From the 08 October 2015 East Niagara Post

Monday, October 5, 2015

Employers: Reach out to tomorrow’s workers

There is a growing crisis in the job market. Well-paying full-time jobs with good benefits are going unfilled, with owners and managers of blue-collar employers (factories, farms, trucking firms, the building trades) having a difficult time finding skilled workers or even apprentices interested in that line of work.

It’s an outcome of a couple decades of misplaced priorities in society and education. Adults, whether in the home or in the classroom, had purposely driven kids away from the trades, thinking that such careers are demeaning and low-paying, on the path to extinction, and that college is the unquestioned key to success.

None of those beliefs are true nor have they ever been. Now, the adults who once believed them are waking up to that, especially since recent college grads find themselves crushed by debt and unable to find a good job due to an overabundance of college degrees, alleged over-qualification, and a sour economy.

Teachers, counselors, policy makers and parents now find themselves having to do a 180, changing the culture that their predecessors had put into play for far too long. They are seeing the value in all work and all trades and doing what they can to promote them among today’s youths. But, after decades of society going in the other direction, it’s a tough sell and a slow one.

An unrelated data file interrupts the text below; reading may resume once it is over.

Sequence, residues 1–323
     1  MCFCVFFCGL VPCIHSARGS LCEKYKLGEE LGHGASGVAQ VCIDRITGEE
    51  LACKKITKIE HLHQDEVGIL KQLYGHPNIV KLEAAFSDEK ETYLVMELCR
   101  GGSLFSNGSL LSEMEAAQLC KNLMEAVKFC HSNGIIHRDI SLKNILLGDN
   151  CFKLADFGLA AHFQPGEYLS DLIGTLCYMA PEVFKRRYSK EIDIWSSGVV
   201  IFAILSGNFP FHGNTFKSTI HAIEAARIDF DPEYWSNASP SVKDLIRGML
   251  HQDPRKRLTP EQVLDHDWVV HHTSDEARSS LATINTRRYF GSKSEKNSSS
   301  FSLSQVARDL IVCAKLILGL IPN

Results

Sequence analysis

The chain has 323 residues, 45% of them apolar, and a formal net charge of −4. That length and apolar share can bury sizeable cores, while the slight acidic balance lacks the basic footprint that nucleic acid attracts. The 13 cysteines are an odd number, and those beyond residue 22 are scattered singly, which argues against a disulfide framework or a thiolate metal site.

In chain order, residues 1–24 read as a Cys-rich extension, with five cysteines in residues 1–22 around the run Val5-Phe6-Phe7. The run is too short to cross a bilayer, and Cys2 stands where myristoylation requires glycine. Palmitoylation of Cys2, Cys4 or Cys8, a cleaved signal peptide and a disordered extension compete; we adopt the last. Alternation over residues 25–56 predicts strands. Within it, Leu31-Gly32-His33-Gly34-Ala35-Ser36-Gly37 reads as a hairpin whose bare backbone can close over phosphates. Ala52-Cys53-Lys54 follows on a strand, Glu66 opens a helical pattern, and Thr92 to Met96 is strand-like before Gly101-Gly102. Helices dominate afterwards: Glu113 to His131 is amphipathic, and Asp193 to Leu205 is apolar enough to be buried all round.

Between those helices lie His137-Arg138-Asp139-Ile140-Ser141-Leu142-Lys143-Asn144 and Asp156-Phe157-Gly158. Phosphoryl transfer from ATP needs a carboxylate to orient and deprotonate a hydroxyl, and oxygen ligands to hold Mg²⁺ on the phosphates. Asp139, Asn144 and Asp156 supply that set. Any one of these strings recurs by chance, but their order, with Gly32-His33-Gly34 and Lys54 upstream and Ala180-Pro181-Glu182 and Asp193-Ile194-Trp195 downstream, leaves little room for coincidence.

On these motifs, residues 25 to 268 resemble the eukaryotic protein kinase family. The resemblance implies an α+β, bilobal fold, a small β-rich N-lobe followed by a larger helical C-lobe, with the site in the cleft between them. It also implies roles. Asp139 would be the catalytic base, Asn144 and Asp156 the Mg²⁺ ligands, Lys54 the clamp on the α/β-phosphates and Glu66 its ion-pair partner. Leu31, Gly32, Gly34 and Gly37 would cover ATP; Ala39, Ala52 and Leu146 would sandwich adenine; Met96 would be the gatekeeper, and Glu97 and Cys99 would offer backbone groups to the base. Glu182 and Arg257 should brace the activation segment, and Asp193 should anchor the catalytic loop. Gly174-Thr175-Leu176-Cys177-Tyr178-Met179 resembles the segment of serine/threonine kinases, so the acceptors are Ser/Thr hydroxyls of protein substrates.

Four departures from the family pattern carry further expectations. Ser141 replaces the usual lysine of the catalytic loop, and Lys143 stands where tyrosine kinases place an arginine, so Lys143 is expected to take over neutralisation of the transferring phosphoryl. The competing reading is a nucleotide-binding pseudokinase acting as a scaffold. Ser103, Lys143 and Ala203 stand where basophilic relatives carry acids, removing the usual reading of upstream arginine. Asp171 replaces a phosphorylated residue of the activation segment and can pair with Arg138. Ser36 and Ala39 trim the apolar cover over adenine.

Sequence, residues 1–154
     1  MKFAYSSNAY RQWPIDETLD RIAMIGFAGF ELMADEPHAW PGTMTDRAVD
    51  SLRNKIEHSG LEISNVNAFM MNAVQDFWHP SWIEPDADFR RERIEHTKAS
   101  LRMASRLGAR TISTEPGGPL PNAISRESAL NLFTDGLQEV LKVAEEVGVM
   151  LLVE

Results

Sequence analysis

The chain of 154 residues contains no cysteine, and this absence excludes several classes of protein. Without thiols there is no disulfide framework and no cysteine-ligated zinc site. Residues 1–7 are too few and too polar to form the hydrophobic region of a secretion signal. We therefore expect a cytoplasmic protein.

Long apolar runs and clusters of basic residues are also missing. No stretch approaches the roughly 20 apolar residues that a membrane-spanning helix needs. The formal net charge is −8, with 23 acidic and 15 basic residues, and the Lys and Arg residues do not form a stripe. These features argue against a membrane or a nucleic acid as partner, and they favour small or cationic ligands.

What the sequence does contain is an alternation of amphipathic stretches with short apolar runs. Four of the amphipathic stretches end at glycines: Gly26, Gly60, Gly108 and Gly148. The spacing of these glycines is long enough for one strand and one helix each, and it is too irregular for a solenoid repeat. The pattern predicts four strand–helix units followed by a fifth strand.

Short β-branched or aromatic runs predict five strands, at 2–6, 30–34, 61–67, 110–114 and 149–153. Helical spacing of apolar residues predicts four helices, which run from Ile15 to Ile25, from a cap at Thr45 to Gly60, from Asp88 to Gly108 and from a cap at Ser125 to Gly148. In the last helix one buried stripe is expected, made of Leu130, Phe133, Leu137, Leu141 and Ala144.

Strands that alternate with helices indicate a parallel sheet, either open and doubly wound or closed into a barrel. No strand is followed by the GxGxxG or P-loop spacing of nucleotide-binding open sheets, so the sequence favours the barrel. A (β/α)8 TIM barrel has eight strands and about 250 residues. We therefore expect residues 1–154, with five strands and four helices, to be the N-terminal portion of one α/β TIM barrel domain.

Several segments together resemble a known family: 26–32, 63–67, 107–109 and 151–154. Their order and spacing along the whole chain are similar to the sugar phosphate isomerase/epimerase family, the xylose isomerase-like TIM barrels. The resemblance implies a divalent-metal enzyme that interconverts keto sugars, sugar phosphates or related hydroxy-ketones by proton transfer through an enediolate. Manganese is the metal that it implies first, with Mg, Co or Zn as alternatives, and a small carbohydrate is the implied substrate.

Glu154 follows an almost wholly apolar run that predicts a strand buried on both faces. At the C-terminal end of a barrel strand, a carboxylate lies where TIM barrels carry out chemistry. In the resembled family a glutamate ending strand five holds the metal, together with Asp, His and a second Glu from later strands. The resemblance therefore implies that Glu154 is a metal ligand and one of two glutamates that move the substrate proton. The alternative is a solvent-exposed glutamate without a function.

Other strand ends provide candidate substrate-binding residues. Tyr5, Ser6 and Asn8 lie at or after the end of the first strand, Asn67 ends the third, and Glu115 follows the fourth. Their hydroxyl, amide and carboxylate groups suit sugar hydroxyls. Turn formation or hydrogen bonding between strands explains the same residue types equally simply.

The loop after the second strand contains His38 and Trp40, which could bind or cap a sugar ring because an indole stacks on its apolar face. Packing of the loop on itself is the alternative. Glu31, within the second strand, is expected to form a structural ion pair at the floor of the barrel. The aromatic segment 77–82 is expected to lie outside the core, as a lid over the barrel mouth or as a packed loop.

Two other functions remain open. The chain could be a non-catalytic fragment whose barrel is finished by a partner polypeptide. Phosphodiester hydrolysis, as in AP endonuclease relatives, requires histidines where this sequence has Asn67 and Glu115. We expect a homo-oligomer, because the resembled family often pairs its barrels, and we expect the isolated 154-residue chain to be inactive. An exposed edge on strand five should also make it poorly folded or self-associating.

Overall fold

That’s where employers can help out. Those same bosses who routinely complain about the deficient workforce need to do something other than whine. They need to do as they do in their workplaces – get their hands dirty, get involved. They need to reach out to the schools and put themselves out there. Guidance from real world people can go a long ways in getting students interested in skilled work and settled on a career that will keep them comfortable for life.

It’s an easy and effective pursuit, one that we’ve practiced for some time at the plant and I strongly encourage other employers to follow suit. There are three simple ways that you can do this: speak to classes, host tours, and let kids shadow.

Speaking to a classroom is the easiest investment of your time. You have a captive audience that you can speak to for a half-hour to an hour and those students tend to be appreciative and interested as it’s a break from the routine of that same room. While it’s the easiest option, it’s the least effective, as other than a slideshow or brochure, the kids really can’t see what you do. 

Experiential learning is the best way to garner interest and that’s why tours are a far better option. You can give the same spiel that you would in the classroom, but the kids can also see people working, machines functioning, and goods being produced. That awesomeness of what you do everyday can be an attention-grabber. It doesn’t matter if you manufacture kayaks, milk cows, or build warehouses – kids will eat it up. I’ve had fifth-graders, middle schoolers, high school seniors and college seniors go through the factory, all of them with wide eyes and keen interest.